Advent Diamond has been awarded Small Business Innovation Research (SBIR) Phase II grant for $750K to conduct research and development work on advancing single-crystal diamond high power diodes capable of operating at high temperature.
The possibility of laser induced variation of optical and electrical properties of conductive nanocrystalline diamond (CNCD) films has been demonstrated. The films were produced by microwave plasma chemical vapor deposition (MPCVD) from CH4:H2:N2 gas mixtures. The films were irradiated in air with 20 ns pulses of an ArF excimer laser (λ = 193 nm). It was found that low laser pulse intensity (~0.05 J/cm2), well below film surface graphitization (~0.3 J/cm2) and nanoablation (~0.08 J/cm2) thresholds, induces changes of the film properties. The effect requires multiple pulsed irradiation and results in a decrease of the film electrical conductivity, which is accompanied by optical bleaching of the diamond film absorption.
Diamond PIN diodes with an approximately 5-𝜇m thick i-layer and coated with a thin boron nitride (BN) layer have been tested with a thermal neutron beam. For a flux of 4.4 °¡ 106 n/s/cm2, count rates were on the order of 30–100 counts per second depending on the thickness of the BN neutron converter layer. Pulse height spectra showed features associated with 𝛼 and 7Li fission products consistent with the thickness of the BN layer. An irradiation test with a 1 MeV neutron equivalent fluence of 1015 n/cm2 showed no significant alteration in the count rate of the tested detector.
Fig. 3. Detector mount. The detector frames made out of printed circuit boards with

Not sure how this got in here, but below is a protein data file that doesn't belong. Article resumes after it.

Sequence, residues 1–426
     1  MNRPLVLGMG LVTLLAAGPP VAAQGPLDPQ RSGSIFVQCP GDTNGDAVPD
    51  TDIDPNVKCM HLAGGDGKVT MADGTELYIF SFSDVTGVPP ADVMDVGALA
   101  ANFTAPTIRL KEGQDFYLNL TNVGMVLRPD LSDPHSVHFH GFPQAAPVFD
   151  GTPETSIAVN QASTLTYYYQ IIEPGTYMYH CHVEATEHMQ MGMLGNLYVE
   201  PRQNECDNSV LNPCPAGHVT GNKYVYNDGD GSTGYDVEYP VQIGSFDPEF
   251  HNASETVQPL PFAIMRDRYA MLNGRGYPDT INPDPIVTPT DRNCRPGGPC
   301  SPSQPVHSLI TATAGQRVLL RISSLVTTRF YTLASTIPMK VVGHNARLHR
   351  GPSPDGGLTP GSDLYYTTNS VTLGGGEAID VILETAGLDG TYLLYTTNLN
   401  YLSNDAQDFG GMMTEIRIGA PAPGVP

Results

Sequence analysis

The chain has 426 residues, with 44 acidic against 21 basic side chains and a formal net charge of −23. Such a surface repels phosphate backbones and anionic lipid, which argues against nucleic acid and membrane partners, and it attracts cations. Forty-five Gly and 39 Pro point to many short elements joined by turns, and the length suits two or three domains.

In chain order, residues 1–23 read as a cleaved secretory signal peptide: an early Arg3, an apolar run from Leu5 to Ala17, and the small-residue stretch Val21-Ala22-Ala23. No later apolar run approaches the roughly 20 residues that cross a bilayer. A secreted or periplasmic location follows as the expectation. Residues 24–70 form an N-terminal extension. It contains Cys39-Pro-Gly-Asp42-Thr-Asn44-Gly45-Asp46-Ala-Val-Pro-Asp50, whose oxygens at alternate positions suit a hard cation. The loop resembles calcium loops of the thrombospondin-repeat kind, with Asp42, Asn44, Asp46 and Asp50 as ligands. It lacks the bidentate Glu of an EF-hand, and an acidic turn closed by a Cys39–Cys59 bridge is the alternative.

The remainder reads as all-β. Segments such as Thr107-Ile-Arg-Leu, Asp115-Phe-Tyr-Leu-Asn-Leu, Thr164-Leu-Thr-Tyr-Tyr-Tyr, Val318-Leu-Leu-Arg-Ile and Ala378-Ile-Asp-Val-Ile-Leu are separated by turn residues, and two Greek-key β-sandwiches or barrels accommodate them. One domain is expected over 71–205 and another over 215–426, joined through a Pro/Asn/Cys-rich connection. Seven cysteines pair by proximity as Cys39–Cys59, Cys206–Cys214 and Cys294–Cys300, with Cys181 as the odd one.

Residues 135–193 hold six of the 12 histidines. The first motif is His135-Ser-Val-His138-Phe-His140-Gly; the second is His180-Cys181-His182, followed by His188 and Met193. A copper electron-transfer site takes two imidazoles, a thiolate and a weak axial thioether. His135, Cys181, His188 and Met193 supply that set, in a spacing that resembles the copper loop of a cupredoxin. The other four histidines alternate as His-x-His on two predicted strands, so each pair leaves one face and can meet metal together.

A new technique for neutralizing the polarization effect of diamond detectors has been demonstrated. The technique, which relies on the diamond detector to be configured as a diode, is to periodically pulse the diamond diode with forward bias. A 210Po alpha source was used to induce the polarization effect for a thin PIN diamond radiation detector. Results show that for a single forward bias pulse, a forward current of about 60 nA applied for 1 s removes the polarization buildup. The benefits of using this technique add significant value to the diamond diode configuration.
Fig. 6. While irradiated by 210Po, the diamond diode was pulsed periodically with forward bias. The frequency of periodic forward bias pulses was changed and the results are shown. The frequencies used: 1 s out of every 24 s (black, top), 1 s out of every 192 s (red, middle), and 1 s out of every 1800 s (blue, bottom). For a constant reverse bias of 10 V (green), the polarization effect is obs...
The response of a PIN diamond diode with a 4.5 μm thick i-layer to 𝛼-particles from a 210Po radioactive source has been measured and compared to the response from a 300 μm thick single crystal type IIa diamond. The results show that this PIN diamond diode with thin i-layer can be employed to detect slow neutrons following absorption on a converter boron layer. Such a detector will operate at low voltages and be rather insensitive to gamma background and neutron radiation damage.
Fig. 6. Pulse height distributions for the response to 4.5 MeV 𝛼-particles emitted from a sealed 210 Po radioactive source. The left histogram is for a 4.5 μmPIN-doped diamond diode. The right histogram is for an undoped 300 μm single crystal diamond.